An allegory is a story in which characters or objects stand for abstract concepts. For example, in Bunyan's Pilgrim's Progress, the abstract concepts of hypocrisy and hopefulness are depicted as individuals named Hypocrisy and Hopeful. Allegory thus works on at least two levels: you could read Pilgrim's Progress as about two individuals named Hypocrisy and Hopeful who interact with an individual named Christian, or you could read the two characters as representing the qualities of hypocrisy and hopefulness in all people, and thus as commenting on human behavior in general.
A fable most often uses animals (though it can use parts of nature, such as the wind, clouds, or the moon and other such objects) to stand for people and to teach a moral lesson. Like an allegory, a fable is a story.
It is easy to see the parallels between the two as well as the differences. Both comment, usually in moralizing ways, on human behavior or society. In allegory, humans/characters stand for abstract qualities, whereas in fables, animals stand in for humans. In both allegories and fables, there is a meaning underlying the surface meaning or events of the stories.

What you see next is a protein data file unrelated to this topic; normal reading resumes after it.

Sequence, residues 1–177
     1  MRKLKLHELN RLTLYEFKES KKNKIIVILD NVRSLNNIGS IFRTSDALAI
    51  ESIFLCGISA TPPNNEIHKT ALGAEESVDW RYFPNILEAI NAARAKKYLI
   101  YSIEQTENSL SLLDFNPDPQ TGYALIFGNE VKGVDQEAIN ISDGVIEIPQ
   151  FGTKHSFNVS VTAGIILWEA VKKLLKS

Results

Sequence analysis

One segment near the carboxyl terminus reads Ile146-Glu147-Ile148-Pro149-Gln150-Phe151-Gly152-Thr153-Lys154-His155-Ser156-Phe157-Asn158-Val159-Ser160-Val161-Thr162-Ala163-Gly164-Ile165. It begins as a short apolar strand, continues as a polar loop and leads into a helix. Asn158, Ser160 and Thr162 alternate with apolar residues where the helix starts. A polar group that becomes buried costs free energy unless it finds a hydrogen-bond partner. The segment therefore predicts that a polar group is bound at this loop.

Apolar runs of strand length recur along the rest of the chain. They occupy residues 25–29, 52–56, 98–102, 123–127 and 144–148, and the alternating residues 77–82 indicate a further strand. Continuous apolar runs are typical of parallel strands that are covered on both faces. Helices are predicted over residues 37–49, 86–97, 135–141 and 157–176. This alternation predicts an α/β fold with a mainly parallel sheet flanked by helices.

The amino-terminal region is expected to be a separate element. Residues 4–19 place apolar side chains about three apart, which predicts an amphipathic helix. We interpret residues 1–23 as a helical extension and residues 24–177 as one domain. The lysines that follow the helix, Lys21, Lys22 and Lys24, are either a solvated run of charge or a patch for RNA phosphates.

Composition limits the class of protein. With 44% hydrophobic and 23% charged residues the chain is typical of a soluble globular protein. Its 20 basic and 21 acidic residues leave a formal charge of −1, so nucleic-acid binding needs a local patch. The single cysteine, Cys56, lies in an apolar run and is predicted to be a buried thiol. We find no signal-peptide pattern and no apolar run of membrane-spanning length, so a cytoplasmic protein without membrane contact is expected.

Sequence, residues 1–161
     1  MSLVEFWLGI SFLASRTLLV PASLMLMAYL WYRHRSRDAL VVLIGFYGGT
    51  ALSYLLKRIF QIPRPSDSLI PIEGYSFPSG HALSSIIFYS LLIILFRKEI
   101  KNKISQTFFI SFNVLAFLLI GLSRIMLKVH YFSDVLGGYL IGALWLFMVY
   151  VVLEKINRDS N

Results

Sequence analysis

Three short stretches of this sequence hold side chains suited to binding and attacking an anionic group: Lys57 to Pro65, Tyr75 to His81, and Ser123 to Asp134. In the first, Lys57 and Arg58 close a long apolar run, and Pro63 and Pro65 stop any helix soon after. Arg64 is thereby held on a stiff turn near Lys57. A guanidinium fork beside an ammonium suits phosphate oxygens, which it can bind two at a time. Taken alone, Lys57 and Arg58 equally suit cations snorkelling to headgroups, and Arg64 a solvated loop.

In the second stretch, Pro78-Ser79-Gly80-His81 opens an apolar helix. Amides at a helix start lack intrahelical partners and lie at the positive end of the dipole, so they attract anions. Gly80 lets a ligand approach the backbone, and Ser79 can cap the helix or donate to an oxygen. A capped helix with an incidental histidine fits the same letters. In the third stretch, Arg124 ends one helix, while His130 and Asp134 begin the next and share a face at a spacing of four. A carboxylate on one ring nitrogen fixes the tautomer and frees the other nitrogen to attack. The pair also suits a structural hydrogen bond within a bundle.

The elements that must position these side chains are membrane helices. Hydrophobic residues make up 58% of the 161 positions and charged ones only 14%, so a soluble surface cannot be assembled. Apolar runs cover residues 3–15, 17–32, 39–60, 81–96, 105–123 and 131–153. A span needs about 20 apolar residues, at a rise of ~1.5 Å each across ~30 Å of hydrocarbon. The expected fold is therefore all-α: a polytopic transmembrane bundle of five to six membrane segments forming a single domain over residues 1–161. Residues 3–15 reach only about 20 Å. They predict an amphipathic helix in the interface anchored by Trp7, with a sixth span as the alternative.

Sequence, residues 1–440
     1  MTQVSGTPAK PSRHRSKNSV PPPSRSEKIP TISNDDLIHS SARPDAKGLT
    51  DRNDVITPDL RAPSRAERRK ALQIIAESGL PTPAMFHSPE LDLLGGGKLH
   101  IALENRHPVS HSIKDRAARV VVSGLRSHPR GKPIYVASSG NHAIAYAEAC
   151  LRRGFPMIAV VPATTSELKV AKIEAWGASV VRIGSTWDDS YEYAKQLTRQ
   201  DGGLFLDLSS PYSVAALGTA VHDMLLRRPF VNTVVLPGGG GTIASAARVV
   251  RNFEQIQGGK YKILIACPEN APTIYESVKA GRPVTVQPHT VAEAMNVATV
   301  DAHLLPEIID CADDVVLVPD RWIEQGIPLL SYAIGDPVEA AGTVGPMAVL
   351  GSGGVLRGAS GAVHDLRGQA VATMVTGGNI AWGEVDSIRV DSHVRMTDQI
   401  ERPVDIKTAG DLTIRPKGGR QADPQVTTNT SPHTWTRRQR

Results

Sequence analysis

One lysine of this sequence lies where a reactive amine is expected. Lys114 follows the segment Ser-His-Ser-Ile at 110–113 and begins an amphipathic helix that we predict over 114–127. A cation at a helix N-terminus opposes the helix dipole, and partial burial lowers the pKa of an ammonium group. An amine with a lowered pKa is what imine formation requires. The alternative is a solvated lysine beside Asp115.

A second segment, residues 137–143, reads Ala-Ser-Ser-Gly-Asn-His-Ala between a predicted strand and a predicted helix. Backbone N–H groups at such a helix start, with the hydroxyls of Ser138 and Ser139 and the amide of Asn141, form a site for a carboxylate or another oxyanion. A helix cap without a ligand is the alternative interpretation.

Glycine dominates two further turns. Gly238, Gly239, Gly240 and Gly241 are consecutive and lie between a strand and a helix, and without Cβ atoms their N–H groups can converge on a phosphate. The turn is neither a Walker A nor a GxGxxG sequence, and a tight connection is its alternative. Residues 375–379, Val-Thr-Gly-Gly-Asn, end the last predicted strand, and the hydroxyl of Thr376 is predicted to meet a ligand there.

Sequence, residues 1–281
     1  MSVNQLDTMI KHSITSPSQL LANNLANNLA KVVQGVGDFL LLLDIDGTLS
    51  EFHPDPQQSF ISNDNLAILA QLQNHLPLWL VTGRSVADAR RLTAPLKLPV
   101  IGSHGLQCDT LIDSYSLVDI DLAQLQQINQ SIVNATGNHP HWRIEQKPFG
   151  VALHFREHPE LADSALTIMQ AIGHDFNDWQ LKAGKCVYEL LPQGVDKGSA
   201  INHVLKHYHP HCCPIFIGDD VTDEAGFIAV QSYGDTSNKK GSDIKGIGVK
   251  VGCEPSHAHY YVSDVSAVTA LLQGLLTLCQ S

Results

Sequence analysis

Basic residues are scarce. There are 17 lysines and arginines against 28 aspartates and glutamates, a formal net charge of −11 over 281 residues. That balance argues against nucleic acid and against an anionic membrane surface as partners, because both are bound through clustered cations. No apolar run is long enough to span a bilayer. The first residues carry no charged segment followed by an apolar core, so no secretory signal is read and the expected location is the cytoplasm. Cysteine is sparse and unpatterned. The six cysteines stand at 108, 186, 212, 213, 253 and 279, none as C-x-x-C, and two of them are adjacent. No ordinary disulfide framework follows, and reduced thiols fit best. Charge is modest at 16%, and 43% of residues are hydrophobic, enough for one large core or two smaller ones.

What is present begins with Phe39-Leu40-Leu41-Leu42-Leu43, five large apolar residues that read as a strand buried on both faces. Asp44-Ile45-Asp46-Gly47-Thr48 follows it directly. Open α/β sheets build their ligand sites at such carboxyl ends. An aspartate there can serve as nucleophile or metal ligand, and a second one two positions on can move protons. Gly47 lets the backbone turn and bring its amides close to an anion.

One way to distinguish allegory from fable is to note that an allegory is a figure of speech used within a literary work and a fable is a genre or type of literary work.
An allegory is an extended metaphor in which one thing is described in terms of another. The difference between allegory and metaphor is that a metaphor can be any figure with a tenor and vehicle not using explicit comparison but an allegory normally is extended and has a narrative component.
A fable is a very short narrative, using traditional subject matter, normally framed in simple language and style, and often conveying a moral point.